Speech - Address in Reply
I noted earlier that the member for Kavel in his maiden speech talked about community spirit, and the Barossa is certainly full of that, and the broader Schubert electorate is certainly full of that. I am so proud that they have given me the opportunity to continue to be their local MP.
HOUSE OF ASSEMBLY
Tuesday, 15 May 2018
The Hon. S.K. KNOLL (Schubert—Minister for Transport, Infrastructure and Local Government, Minister for Planning) (20:13): First of all, I would like to say that it was quite a privilege to be sitting very close to the Governor as he gave his speech, which really outlined what South Australia could look forward to doing over the next four years. It was a very strong, detailed and matter of fact speech, in my view, and one that delivered a very clear set of policy achievements that this new government is seeking to achieve.
I was sitting there watching the Governor undertake his task, a task that he executes with a great degree of humility but also with an understanding of the importance of his role in that institution. We were lucky enough to catch up with him later that evening to have a more fulsome discussion about that. What struck me about this man and why he is so perfect for the job he is in, is that he genuinely respects the institution that he holds.
As a new cabinet with a new Premier, we are also very keen to uphold respect for the institution. It is something that the new Premier has, dare I say, drilled into the new cabinet, to ensure that we hold for this man the greatest of respect, not that we need that prompting because he is a man of such great stature. His personal experience leads him to appreciate the role that he now has, that in our democratic institution he has the opportunity to provide the great balancing power that is given to our head of state.
In fact, one of the most beautiful things about the constitutional monarchy that we exist in is this idea that there is a day-to-day government that deals with the business of changing laws and helping to improve people's lives. As a counterbalance to that, you have a Governor who wields this massive stick, and that massive stick is that he can, on authority from the Queen, sack the government of the day. However, it is a power that he never uses. In the history of Australia, it has only been used once. Interestingly, it helps to provide that beautiful balance.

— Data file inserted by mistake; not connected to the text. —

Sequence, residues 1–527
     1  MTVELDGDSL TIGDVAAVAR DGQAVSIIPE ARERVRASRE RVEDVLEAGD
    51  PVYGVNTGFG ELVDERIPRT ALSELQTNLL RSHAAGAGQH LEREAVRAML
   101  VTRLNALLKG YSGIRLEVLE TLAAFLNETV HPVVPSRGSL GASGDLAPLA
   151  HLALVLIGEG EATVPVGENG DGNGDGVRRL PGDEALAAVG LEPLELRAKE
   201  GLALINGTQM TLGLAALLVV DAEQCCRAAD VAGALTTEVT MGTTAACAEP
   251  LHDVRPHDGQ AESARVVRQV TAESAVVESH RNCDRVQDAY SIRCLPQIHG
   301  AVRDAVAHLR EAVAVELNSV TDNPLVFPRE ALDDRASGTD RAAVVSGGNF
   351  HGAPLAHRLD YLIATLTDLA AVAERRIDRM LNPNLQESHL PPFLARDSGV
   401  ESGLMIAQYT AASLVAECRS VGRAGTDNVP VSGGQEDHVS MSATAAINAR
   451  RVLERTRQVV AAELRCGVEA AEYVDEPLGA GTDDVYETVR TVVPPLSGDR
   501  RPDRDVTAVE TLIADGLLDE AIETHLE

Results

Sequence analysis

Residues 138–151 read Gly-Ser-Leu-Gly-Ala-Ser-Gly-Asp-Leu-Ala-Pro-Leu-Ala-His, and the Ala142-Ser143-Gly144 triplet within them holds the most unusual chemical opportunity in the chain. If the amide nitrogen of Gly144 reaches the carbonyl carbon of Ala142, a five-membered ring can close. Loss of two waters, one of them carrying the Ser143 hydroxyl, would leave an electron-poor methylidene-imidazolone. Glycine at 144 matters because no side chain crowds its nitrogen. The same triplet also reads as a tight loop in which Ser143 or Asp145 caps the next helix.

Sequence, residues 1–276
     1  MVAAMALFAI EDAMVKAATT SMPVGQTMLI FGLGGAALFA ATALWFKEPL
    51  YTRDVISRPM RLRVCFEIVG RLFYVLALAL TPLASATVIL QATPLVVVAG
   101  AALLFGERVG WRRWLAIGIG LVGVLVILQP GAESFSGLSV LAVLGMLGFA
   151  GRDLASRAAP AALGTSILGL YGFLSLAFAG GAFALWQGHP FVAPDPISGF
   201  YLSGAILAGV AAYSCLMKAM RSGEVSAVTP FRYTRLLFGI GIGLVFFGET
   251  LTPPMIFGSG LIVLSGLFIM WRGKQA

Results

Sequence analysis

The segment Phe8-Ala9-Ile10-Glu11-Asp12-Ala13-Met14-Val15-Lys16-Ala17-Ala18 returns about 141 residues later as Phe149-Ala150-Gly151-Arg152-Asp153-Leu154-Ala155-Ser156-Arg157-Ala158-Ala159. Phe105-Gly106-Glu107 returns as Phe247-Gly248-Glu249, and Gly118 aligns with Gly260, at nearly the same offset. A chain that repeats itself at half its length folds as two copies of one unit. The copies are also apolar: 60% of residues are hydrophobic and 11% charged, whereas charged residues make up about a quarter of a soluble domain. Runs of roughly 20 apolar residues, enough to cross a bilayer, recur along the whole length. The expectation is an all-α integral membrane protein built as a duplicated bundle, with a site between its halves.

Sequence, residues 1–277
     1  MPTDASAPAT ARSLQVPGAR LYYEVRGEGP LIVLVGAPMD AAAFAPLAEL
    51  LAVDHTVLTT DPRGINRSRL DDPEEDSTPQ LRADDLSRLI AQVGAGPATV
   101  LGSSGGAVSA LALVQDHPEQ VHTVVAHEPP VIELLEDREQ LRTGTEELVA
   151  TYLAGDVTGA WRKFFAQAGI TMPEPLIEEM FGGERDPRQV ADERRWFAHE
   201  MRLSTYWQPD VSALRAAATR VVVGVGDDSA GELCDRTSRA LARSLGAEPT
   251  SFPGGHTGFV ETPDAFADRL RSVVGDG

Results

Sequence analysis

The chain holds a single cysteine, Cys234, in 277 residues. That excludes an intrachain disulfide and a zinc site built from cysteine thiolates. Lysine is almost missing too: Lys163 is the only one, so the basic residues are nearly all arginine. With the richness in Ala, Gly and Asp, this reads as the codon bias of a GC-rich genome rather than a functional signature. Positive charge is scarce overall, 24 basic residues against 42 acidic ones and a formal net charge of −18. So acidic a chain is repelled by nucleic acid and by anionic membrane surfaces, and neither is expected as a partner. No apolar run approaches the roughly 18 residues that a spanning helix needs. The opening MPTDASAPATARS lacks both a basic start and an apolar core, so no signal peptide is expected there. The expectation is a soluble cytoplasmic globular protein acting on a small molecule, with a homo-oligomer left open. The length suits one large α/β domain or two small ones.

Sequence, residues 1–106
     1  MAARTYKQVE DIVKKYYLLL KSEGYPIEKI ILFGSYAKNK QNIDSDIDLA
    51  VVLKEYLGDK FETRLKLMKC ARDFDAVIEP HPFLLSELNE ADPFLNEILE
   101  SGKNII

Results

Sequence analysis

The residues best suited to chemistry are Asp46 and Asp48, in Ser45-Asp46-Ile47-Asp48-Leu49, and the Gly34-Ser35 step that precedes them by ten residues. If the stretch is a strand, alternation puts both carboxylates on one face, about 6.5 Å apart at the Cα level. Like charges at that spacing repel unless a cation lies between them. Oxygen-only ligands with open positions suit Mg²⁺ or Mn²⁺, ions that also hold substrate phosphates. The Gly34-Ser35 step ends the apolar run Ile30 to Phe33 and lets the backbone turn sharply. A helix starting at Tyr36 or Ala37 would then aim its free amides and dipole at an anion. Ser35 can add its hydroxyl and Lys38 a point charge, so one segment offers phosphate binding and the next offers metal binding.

I know that there will be a debate about whether or not Australia should become a republic. The most difficult thing that I grasp and the most dangerous thing that I think would result from a change of our head of state would be the fundamental change in the way this power balance exists. Some may deride our monarch; I am not one of those. I am not a royalist, but I like the fact that there is somebody who is outside of the party political sphere and who takes very seriously her job as the head of state for the entire commonwealth, someone who again holds massive power but is deferential and humble enough and takes seriously her responsibility to the entire commonwealth.
Therein lies a beautiful balance of power, a shared power that does not exist under more aggressive republican models. In fact, what scares me most about those who seek to push a republic agenda is that we would invest what we now have a shared power in a much more individualised power in a head of state. I think that is extremely dangerous and one of the main reasons that we need to stick with the system that we have, because it delivers to us beautiful people like Governor Hieu Van Le, with his ability to embody the position that he holds and provide that great counterbalance to what I am beginning to understand is a serious and awesome power that ministers in cabinet hold.